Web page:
Actress Lashana Lynch didn’t exactly need convincing to sign on for a starring role in the much-hyped 25th installment of the James Bond franchise, “No Time to Die,” she just wanted to know what the heck she was working with. For the rising star of such outings as “Captain Marvel” (playing the titular heroine’s best friend, a badass Air Force pilot) and “Still Star-Crossed” (a “Romeo & Juliet”-inspired TV series in which she played the complicated role of Rosaline), finding the unique elements of seemingly standard roles is her sweet spot. What, she wondered, was so special about the MI6 agent that was going to be part Daniel Craig’s final outing as Bond?
“The last meeting that I had with [producer] Barbara Broccoli, [director] Cary Fukunaga, and Daniel Craig was one of many questions,” Lynch said in a recent interview with IndieWire. “Because, [in] the last two meetings, I had read sides from other Bond films, and I didn’t know what the hell was going on. I didn’t know who she was going to be, what her name was, what she was representing, I didn’t know anything. I just knew I was auditioning for a Bond movie.”
But while Lynch admits that Broccoli, Fukunaga, and Craig couldn’t totally drop the air of secrecy around the character and the film during that last meeting, she was intrigued by the things the trio didn’t say. The actress recalled asking them pointedly, “Why does she have to be a match for Bond?,” a query she said they could only answer be reaffirming that they wanted her to be “strong.”
Even in their hesitancy to provide more details, Lynch realized that she might be able to intuit the important parts of the role — eventually revealed to be a hard-driven young agent named Nomi who has taken on Bond’s iconic 007 code number in his absence — by virtue of the stuff the three wouldn’t easily answer. Clearly, Nomi needed to be strong in a new way, the kind of character who could face off against Bond believably.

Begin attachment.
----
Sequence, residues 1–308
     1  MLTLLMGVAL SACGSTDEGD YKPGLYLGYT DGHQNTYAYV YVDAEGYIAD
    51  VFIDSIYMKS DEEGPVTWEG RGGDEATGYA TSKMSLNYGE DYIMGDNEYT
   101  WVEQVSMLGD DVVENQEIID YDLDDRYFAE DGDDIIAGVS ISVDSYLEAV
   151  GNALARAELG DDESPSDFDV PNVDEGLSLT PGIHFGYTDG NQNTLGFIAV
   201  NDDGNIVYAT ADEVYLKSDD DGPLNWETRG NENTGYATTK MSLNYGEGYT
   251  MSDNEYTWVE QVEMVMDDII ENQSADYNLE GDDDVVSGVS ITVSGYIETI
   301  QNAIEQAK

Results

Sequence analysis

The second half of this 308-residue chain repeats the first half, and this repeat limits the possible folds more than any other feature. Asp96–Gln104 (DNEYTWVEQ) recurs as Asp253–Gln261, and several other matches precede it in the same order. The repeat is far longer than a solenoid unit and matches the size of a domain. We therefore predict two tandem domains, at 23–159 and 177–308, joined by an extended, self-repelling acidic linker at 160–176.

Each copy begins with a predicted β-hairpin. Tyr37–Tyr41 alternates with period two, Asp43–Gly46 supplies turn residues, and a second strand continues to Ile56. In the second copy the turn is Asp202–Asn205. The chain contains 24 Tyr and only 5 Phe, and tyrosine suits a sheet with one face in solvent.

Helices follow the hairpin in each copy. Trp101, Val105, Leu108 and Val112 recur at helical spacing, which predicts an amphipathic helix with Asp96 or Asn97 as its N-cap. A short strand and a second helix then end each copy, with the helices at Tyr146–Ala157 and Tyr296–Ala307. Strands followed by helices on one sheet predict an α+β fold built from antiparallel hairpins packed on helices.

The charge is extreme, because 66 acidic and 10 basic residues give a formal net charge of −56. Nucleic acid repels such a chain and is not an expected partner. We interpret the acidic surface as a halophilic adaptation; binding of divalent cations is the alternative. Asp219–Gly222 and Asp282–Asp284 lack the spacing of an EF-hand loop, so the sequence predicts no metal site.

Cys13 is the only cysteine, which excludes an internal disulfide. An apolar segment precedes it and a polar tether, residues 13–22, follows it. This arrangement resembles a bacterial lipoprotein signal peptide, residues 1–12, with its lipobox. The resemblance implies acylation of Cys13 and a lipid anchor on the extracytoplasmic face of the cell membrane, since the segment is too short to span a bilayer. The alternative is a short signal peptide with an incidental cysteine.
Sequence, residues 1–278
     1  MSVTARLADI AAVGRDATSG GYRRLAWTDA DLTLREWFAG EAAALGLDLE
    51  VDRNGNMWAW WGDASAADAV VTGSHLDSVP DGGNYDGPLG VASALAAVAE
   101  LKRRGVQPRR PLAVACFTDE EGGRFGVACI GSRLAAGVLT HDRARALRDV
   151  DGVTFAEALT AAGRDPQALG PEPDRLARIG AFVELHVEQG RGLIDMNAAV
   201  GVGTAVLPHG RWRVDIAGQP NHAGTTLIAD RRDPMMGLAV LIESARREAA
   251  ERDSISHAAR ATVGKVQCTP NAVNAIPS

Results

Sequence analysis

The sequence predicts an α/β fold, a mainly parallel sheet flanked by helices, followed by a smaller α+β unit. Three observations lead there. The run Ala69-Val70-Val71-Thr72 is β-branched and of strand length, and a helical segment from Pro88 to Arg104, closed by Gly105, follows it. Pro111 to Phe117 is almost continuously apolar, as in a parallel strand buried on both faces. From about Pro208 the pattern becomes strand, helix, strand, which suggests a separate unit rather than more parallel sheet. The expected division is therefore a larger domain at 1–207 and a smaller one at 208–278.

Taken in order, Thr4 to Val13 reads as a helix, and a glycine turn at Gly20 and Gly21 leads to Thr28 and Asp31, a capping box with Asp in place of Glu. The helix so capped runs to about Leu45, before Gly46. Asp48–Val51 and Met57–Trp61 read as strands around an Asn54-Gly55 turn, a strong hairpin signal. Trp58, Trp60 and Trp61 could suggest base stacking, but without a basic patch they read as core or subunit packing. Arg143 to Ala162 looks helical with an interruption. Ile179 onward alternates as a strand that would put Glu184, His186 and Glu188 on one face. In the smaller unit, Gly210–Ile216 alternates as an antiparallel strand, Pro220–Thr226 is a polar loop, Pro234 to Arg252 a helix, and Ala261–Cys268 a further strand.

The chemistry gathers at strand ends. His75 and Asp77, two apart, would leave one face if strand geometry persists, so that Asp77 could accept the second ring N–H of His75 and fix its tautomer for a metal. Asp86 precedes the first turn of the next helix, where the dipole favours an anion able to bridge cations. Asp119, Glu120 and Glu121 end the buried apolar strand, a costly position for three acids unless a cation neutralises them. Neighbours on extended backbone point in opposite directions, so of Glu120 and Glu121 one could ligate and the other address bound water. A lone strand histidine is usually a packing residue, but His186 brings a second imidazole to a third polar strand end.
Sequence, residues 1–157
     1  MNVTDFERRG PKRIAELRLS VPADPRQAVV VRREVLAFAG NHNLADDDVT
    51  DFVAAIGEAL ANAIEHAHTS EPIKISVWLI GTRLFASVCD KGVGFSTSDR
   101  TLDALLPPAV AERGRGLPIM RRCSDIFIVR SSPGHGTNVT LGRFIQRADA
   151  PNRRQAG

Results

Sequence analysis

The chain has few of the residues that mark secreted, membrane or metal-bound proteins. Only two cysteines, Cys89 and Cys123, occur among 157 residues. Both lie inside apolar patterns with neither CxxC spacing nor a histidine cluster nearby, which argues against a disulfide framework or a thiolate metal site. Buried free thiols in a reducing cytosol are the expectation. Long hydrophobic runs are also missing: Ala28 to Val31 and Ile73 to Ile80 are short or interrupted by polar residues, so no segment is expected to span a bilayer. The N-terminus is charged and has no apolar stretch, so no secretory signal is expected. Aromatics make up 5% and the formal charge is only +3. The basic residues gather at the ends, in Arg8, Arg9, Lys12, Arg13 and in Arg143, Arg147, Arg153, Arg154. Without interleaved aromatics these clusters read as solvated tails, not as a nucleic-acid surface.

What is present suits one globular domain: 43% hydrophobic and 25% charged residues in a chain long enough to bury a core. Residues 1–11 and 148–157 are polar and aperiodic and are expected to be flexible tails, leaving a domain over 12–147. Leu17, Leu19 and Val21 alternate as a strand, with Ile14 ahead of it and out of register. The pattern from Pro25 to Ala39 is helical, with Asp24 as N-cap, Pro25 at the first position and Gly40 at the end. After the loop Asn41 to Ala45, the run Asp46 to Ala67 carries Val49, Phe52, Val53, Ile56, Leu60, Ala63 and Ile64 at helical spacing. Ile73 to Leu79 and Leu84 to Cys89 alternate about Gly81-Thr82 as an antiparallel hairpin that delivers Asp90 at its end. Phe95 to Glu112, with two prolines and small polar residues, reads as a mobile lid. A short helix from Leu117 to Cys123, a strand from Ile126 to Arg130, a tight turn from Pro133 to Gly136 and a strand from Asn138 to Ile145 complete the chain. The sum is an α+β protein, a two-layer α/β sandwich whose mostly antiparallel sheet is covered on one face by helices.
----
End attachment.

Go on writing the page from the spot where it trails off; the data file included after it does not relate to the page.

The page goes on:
©MGM/Courtesy Everett Collection
After Lynch signed on, that aim became even more clear, particularly with the addition of Phoebe Waller-Bridge, patron saint of compelling female characters, to the film’s writing staff. “I thought, ‘Great, female writer, tick, the writer of ‘Fleabag,’ sure. I’m sold. Don’t worry about it. I’m in,'” she recalled.
The pair soon met to talk more about Nomi, and Lynch fondly remembers coming into that first meeting “in like a whirlwind,” brimming with ideas for who this female 007 could be. “I was like, ‘This is where I want her to be, and she’s got so much potential and I think she should be kind of awkward, but really realistic, and I want young people to be relating to her in the way that I haven’t had the opportunity to do before, and what do you think?,'” Lynch said. “And she just said, ‘Yep, yep. That’s where I’m at too. I agree. I think we should write that. I think she should be all of those things and more.’ And I thought, ‘Wow, thank you. Thank you for hearing me finally, thank you for being a woman writer who is in the position to hear me fully.'”
Lynch said the conversations soon turned to using “awkwardness, nervousness, and anxiety” as part of Nomi’s makeup, all the better to “create someone that was very much an opposite to Bond in that she’s figuring every moment out as it happens.”